The Founder’s Notes

The Founder’s Notes

A Journey of Inspired Ideas, Work and Life by a Leading Serial Entrepreneur 

Author: Ji Qi 

Review by: Graham White

Whilst I have reviewed quite a number of books in my lifetime and expect to review more in future, I am reasonably certain I have never read a book like this before and I don’t expect to ever read a book like it again. Don’t get me wrong, as a lover of the written word  I have read some very original writings and I actively seek out challenging and differing views and I am always on the lookout for challenging and innovative writers but I must now confirm that I have never read and enjoyed a book like this ever before. I have read the book completely twice and revisited all the tagged pages and still I am scratching my head trying to think of what I can say about it. However, I feel I am in good company as Ji Qi himself has said in his book that “Ideas are boundless. Language and writing can only express a minuscule portion of ideas…….” So, I will do my best to persuade you that this is a book you must read and probably re-read on a regular basis.

Derek Landy once said that “Every solution to every problem is simple. It’s the distance between the two where the mystery lies.” He was never so right than when it applied to this remarkable piece of literature. The author Ji Qi is one of current day China’s most original and successful businessmen. Often described as an imaginative entrepreneur, he is credited with taking three companies to the 10-billion-dollar level in little over a decade. And now he has written a book called “The Founders Notes” which he describes himself as a “journey of inspired ideas, work and life”.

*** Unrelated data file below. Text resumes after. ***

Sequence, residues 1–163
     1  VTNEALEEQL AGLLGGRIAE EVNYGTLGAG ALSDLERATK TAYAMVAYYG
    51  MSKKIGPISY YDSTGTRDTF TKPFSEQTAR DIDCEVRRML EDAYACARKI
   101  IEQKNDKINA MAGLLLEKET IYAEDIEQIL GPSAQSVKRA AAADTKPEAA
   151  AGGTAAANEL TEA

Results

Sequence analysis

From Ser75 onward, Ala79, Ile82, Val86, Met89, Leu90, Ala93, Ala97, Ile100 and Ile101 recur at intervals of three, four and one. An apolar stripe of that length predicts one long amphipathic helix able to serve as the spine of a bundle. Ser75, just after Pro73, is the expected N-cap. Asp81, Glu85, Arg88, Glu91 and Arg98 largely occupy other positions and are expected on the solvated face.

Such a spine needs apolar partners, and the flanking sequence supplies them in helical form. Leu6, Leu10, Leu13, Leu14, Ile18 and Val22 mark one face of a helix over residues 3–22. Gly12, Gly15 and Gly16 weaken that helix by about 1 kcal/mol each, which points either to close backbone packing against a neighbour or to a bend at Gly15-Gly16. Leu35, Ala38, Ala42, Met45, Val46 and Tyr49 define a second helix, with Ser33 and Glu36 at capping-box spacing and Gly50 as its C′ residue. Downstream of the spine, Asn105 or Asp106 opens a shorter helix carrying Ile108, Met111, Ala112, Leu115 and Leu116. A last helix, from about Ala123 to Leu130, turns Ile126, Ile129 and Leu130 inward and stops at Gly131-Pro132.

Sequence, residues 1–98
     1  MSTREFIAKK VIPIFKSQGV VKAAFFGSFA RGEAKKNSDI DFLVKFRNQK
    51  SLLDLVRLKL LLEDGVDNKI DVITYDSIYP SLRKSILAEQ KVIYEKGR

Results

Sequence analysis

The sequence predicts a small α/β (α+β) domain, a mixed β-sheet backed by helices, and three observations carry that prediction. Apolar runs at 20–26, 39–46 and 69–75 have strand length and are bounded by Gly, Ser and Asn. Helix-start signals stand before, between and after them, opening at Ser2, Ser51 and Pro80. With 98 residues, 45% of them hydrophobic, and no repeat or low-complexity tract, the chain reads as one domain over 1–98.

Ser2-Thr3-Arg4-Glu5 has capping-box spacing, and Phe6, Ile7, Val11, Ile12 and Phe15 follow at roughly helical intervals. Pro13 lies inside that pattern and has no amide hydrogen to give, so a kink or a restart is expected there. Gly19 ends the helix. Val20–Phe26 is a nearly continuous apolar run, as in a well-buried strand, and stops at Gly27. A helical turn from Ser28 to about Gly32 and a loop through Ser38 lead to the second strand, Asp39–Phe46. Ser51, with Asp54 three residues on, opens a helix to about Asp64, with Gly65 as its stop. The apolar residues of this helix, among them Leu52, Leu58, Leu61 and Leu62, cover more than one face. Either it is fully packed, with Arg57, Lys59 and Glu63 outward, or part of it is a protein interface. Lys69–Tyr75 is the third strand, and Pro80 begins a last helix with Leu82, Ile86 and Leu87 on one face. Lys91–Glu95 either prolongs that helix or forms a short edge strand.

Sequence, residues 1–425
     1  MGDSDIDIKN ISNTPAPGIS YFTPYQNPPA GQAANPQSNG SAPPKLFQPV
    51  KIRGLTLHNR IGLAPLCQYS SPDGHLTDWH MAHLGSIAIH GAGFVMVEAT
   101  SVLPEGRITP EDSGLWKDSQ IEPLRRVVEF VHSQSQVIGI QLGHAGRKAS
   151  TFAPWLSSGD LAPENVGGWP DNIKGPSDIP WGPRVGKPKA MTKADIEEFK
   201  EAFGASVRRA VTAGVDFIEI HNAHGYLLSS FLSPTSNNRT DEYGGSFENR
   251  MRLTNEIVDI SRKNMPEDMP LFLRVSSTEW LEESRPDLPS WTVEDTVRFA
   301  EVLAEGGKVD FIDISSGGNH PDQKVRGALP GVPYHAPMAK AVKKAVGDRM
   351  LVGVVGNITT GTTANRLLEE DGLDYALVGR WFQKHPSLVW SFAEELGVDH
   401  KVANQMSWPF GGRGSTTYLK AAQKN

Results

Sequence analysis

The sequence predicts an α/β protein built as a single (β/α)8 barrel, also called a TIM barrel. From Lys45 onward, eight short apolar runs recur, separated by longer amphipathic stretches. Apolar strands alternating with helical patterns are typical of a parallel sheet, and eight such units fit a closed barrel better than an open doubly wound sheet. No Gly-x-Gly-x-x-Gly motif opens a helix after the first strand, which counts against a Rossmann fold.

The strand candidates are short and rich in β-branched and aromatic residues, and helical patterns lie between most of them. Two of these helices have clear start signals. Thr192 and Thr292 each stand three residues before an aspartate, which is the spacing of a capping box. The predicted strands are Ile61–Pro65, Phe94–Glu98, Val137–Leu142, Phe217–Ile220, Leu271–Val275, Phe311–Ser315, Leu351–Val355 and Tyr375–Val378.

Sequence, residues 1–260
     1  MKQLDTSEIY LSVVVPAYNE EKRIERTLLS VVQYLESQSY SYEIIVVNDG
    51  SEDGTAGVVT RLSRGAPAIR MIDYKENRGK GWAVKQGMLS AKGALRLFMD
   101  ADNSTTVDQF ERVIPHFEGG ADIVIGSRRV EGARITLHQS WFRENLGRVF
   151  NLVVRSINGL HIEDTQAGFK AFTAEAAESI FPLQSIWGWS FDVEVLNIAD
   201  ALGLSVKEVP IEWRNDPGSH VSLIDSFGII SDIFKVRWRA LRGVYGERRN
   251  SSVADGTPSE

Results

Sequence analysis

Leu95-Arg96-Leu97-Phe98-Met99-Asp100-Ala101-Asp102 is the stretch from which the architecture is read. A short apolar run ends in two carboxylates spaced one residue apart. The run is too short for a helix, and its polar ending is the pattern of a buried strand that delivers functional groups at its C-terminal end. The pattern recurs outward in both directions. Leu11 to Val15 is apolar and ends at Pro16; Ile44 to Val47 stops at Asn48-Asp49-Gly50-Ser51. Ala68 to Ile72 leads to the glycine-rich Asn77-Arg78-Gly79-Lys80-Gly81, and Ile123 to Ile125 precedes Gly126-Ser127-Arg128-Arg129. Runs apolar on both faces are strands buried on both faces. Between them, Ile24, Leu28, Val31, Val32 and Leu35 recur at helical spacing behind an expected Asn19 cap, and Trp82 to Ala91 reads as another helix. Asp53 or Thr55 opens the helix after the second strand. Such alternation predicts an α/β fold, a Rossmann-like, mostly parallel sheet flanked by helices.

The commercial achievements of JI QI seem unmatched in the current circle of entrepreneurial geniuses yet it does not appear to me that he sees himself in the assumed role of a person whose whole goal in life is to set up businesses, take on financial risks and deliver huge success and profit. Rather, Ji Qi is a deep thinker who analyses and interprets every action and every experience he has in his life. From the biggest decisions to the smallest incidents this author reviews and interprets the impact and consequence of every action in his life and how it influenced the outcomes of his existence in the past in the present and in the future. Ji Qi takes a new approach to speculative or abstract reasoning and believes that the metaphysical has a much more significant impact and influence in our lives that we may care to accept or as he puts it “Knowledge affects action, the metaphysical determines the physical.”